South Charlotte

Fighting abuse from Jewish perspective

Marsha Stickler wears three purple wristbands, representing three people close to her who were victims of domestic abuse.

"Two are dead because of abuse," said Stickler, "and I should put on a fourth."

Stickler, 63, is a self-described "professional volunteer" and the chairwoman of Shalom Bayit of North Carolina. Shalom Bayit is a Hebrew phrase that means "peace in the home."

"It was a fluke," said Stickler of how she got involved in being an advocate for domestic-abuse victims. Years ago, she read in the Neighbors section of The Charlotte Observer about a transitional house for domestic-abuse survivors. At the time, she didn't know anything about domestic abuse but knew about public relations and thought she could help.

As Stickler came to understand the subject, she communicated regularly with Rabbi Jessica Spitalnic, former associate rabbi at Temple Beth El. With Temple Beth El's support, a Jewish community-wide committee put together a well-thought-out, well-planned, and well-publicized event, said Stickler.

"Eight people showed up," said Stickler. "We were all aware that it was a hidden issue."

Stickler attended workshops to become more knowledgeable about domestic abuse and volunteered with the victim assistance arm of United Family Services. She served as an advocate and accompanied women into court.

"I was horrified to learn that everyone knows someone who is currently being abused," said Stickler. "One in four women has experienced intimate-partner violence in her lifetime."

The abuse is not limited to violence. According to the website, "Domestic abuse is a pattern of coercive behaviors used to establish power and control over an intimate partner. It occurs when one person in a relationship systematically uses physical, sexual, emotional or financial force as a way to dominate their partner and get their way."

In 2006, Stickler and a group of volunteers founded Shalom Bayit-NC.

"We met with every school director, every rabbi," said Stickler. The group's mission includes "fostering social change and community response necessary to eradicate domestic abuse in our Jewish community."

In 2009, Shalom Bayit-NC received funding from Temple Beth El and the Jewish Federation of Greater Charlotte to provide domestic abuse education training for the clergy. As Stickler talked to the different Jewish agencies in Charlotte about this program, she was struck by the fact that at one of every four agencies, someone shared a story of abuse - either their own, a sister's or a child's, said Stickler. In all, 20 Jewish agencies endorsed the program.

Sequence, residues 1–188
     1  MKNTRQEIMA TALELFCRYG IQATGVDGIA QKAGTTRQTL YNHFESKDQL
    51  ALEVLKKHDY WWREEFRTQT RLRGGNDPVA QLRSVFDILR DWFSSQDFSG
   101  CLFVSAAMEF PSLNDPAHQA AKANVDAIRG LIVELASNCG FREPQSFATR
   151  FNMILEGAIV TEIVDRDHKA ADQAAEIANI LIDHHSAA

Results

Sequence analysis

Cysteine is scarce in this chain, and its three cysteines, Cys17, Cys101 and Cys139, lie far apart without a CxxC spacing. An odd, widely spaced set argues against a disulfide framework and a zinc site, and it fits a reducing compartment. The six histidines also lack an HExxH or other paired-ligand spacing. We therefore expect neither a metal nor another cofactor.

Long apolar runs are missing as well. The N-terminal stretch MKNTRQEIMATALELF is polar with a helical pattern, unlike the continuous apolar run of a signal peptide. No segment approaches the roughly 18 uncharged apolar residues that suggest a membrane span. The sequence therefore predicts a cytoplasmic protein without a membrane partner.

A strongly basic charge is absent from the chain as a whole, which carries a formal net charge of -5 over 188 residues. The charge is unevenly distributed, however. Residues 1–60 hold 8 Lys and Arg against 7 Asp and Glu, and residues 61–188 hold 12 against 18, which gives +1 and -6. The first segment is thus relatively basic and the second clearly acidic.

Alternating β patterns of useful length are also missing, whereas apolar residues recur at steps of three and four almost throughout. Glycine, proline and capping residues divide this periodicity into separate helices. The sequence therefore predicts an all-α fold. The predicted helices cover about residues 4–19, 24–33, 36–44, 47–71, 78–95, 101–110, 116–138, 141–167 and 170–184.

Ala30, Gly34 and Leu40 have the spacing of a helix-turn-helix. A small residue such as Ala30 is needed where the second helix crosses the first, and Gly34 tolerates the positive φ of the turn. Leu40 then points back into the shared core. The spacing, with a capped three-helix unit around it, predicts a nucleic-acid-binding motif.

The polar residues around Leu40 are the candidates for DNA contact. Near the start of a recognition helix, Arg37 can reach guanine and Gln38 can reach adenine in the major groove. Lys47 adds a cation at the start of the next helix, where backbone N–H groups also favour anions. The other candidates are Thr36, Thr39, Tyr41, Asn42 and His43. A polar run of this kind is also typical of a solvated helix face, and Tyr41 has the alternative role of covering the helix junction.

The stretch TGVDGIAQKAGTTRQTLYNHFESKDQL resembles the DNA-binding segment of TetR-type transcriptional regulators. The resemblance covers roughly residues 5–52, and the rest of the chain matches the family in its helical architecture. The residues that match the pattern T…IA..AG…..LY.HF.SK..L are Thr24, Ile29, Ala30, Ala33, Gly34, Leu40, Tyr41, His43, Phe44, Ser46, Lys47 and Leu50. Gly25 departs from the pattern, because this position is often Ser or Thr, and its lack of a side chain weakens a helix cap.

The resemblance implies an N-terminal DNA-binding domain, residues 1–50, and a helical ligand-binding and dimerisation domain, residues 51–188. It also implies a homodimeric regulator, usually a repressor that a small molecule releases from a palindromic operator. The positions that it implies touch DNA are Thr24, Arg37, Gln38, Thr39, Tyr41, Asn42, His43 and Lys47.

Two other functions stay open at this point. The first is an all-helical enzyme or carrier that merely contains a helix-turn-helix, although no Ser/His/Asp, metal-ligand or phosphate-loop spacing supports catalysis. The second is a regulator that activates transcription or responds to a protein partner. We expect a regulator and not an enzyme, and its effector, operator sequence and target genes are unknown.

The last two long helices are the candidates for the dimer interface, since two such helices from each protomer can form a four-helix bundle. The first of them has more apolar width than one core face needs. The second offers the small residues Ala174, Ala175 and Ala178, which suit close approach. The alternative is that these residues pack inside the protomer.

Temple Beth El created a Resolution on Domestic Abuse, and Stickler chairs a sub-committee on Temple Beth El's Social Justice and Action committee.

"There is not a more passionate advocate for a cause than Marsha Stickler," said Rabbi Judith Schindler. "Day or night, she is there to assist a victim of domestic abuse who makes their way to my office seeking support."

"Jewish women tend to stay three times longer than other faiths," said Stickler. "The Jewish-oriented reasons are: Shalom Bayit - they are responsible for peace in the home, Jewish men don't do this, and it would bring shame to the community."

Shalom Bayit-NC volunteers work to eradicate domestic abuse through education.

"If you want to be helpful, you have to know something," said Stickler. "You cannot understand this subject unless you've immersed yourself."

Shalom Bayit-NC implements many programs, including: co-authoring the first community Resource Guide for Clergy and first Resource Guide for the Jewish community; creating and operating the first support group for abused Jewish women; creating a group in which volunteers offer one-on-one support for Jewish victims and their families; coordinating teen programming for Hebrew High about healthy/unhealthy relationships; creating information sheets to be placed in women's restrooms; and monthly articles for Jewish publications.

"Sadly, domestic abuse exists in families across the spectrum of religious faiths," said Schindler. "I'm grateful that Shalom Bayit has created training for clergy and congregations to respond."